“You Babylonians, Assyrians, Romans, etc.,” it goes, “You think that just because you’ve destroyed our temple, killed our leaders, exiled us, you think you’ve won? You think you’re in charge? You think you know what’s going on? What shmucks you are!”
Of course, I’m paraphrasing (Yiddish hadn’t even been invented yet). But this joke, like all the best Jewish jokes, is deeply barbed. On the one hand, it seems, ostensibly, to be a pious statement, if impiously rendered, of theology. The covenant obtains: these historical events are merely the result of national sin, and with appropriate behaviour and repentance will be rectified; and the marauding forces are – far from their own self-image as conquerors and empire-builders – simply instruments in the Jewish God’s plan, chess pieces in a larger history. Their triumphal laughter is akin to Sarah’s: they think they know, but they do not understand.
But that laughter has a doubled, anxious, inward focus; not simple superiority, but with a nervous edge. What if they’re right? The Jews of the Bible, after all, are as loath to be the butt of someone else’s joke as anyone else, as the book of Lamentations suggests over and over again: “Jerusalem sinned grievously, so she has become a mockery,” the mourning narrator intones.
There’s that small, heckling voice in the back of the Jewish consciousness. Who are we kidding, what with the superiority complex. Look at where they are and look at where we are: we’re history’s joke, not them. Non-Jews made this point, too – as early as the fourth century, Julian the Apostate said: “Will anyone think that victory in war is less desirable than defeat? Who is so stupid?” – but the Jews listened to their own voices most of all.
And so, this leads to the greatest of all Jewish works of comedy, the one that carries the seeds of all Jewish comedic effort after it, the one that outlines the blueprint for how to survive in the Diaspora: the book of Esther. For Jews, the book of Esther is practically synonymous with joy and merriment: it is the liturgical reading for the holiday of Purim, which commemorates the salvation of the Jews from the genocidal depredations of Haman, the vizier of Ahasuerus. If ever there were a text dedicated to the old Jewish joke about celebrating – “they tried to kill us, we survived, let’s eat” – that text would be the book of Esther.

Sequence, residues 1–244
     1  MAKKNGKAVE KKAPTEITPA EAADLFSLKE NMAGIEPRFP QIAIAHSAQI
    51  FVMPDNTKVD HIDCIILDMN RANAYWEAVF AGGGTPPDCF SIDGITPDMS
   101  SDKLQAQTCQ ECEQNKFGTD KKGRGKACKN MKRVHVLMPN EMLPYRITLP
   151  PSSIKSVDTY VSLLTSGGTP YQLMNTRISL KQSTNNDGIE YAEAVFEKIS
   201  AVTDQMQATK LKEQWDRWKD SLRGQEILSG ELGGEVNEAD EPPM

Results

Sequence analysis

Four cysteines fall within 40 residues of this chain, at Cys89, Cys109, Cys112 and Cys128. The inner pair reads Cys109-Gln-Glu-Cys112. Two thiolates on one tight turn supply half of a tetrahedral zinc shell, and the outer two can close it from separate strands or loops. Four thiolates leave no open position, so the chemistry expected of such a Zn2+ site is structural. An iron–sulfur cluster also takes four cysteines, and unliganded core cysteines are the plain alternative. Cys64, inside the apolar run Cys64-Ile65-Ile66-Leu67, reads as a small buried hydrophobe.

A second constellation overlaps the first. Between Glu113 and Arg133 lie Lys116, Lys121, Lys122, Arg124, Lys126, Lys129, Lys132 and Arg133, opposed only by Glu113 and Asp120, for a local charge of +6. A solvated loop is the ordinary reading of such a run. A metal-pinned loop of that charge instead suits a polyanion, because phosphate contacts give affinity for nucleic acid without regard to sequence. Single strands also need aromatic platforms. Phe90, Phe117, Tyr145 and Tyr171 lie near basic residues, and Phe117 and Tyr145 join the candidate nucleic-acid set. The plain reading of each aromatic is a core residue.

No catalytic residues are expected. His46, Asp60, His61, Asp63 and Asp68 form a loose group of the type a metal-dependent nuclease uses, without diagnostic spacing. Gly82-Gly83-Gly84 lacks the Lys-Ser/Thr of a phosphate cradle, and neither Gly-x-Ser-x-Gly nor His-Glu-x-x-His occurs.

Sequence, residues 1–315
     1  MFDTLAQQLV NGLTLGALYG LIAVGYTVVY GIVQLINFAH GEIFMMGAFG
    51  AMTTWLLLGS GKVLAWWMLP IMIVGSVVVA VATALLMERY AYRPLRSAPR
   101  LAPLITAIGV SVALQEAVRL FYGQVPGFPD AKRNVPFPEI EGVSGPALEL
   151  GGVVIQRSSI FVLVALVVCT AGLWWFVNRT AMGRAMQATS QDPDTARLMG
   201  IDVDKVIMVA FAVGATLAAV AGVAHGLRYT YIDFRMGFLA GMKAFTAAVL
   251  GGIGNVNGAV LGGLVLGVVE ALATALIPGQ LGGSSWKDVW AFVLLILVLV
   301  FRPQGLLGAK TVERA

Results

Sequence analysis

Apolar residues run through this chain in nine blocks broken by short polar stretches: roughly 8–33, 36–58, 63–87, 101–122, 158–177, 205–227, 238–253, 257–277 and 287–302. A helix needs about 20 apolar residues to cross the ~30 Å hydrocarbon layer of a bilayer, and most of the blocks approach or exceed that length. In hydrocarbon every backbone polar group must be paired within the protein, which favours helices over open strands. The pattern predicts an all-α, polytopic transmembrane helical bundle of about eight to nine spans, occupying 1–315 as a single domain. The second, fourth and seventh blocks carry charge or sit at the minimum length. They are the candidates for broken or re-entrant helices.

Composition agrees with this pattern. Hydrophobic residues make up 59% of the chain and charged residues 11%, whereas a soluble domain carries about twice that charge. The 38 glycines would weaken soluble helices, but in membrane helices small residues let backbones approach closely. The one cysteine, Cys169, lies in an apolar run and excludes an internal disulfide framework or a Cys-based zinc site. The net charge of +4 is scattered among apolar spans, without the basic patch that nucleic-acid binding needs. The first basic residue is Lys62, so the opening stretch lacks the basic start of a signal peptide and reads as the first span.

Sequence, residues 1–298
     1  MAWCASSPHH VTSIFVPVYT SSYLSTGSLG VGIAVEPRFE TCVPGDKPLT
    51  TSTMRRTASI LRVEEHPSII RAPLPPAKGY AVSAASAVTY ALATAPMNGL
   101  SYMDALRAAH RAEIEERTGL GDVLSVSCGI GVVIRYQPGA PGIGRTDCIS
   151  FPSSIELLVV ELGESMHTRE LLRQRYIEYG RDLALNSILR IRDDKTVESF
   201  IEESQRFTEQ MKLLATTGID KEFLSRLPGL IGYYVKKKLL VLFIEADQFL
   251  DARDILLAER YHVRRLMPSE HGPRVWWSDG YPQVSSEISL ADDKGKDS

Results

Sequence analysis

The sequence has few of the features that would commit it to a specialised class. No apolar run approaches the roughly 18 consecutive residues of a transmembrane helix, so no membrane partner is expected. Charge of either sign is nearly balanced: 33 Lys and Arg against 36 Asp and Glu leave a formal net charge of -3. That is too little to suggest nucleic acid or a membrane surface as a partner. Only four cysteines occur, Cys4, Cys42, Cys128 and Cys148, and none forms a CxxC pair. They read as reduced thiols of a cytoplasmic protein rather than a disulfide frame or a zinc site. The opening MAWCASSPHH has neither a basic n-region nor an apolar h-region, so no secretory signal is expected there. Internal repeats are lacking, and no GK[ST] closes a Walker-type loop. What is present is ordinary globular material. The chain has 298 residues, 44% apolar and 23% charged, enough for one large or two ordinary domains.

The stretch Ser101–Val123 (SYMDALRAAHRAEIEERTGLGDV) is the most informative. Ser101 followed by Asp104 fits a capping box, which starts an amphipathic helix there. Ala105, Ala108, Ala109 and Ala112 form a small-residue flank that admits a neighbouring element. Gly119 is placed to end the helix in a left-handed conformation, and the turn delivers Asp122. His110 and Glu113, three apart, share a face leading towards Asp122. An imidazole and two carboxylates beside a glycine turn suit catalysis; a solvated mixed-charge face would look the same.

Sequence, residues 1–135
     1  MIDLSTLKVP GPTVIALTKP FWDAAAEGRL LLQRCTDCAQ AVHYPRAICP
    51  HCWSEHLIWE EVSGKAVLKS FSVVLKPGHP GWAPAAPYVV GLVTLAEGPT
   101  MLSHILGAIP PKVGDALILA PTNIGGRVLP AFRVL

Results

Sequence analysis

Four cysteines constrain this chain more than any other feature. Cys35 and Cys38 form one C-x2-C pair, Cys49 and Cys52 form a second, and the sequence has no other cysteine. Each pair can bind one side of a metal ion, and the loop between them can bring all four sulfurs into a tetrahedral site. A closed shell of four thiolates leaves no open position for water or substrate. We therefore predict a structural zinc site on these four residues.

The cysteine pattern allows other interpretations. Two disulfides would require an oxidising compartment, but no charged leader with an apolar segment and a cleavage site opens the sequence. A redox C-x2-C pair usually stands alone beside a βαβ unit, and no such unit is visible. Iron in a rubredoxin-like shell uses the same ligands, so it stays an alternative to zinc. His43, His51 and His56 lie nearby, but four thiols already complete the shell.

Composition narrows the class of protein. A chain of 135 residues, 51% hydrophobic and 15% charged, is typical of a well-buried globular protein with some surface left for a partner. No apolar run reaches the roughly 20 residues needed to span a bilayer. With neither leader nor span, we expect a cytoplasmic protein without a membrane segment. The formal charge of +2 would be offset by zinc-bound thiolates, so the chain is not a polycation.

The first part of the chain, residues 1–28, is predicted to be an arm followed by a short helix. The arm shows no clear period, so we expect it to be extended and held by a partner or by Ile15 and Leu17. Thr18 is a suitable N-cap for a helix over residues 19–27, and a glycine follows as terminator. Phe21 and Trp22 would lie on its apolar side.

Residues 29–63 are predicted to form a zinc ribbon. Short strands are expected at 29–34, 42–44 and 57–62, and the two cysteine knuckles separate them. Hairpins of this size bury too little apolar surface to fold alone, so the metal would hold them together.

And yet the book describes a salvation not based on God’s providence: Esther bears the distinction of being one of the only books of the Bible where the divine name goes unmentioned in the text. Befitting the name of the holiday it is read on – a word that means “lots” or “a lottery” – the salvation of the Jews takes place by a string of coincidences.
What would have happened, one imagines, were it not the case that Ahasuerus, suffering from a case of royal insomnia, happened to read of Mordechai the Jew’s good deed for the king, rather than anything else? What if Haman had not happened to be outside waiting in the king’s courtyard? What if he had not tripped and fallen on the queen after she revealed her Jewish heritage, making the king believe she was the victim of an attempted seduction or assault? And, for that matter, what if the king had picked for his consort someone who was not Jewish?
Traditional authorities have said, as a matter of theology, that this string of sheer coincidences are so deeply unlikely that there must – must – be an author to them, and the rabbis acted, through midrashic intervention, to place God back into the narrative. But this is interpretation, not text; and the text is blackly comic indeed. In a world of divine hiddenness (and Esther’s name, which can be etymologically related to “secret” or “hidden”, was taken by the rabbis as a nod to just such a concept, albeit for very different reasons), another interpretation darkly suggests itself. And what can you do about it, but laugh? Well, lots of things. And Jews did, in many ways, and in many works of brilliant comedy, over the centuries. But that’s a story for another time: helpfully written, case bound, and now on sale from a reputable publisher.
Jeremy Dauber is Atran professor of Yiddish language, literature and culture at Columbia University, New York, and the author of several books on Jewish literature. His latest, Jewish Comedy: A Serious History, is published by W. W. Norton & Company.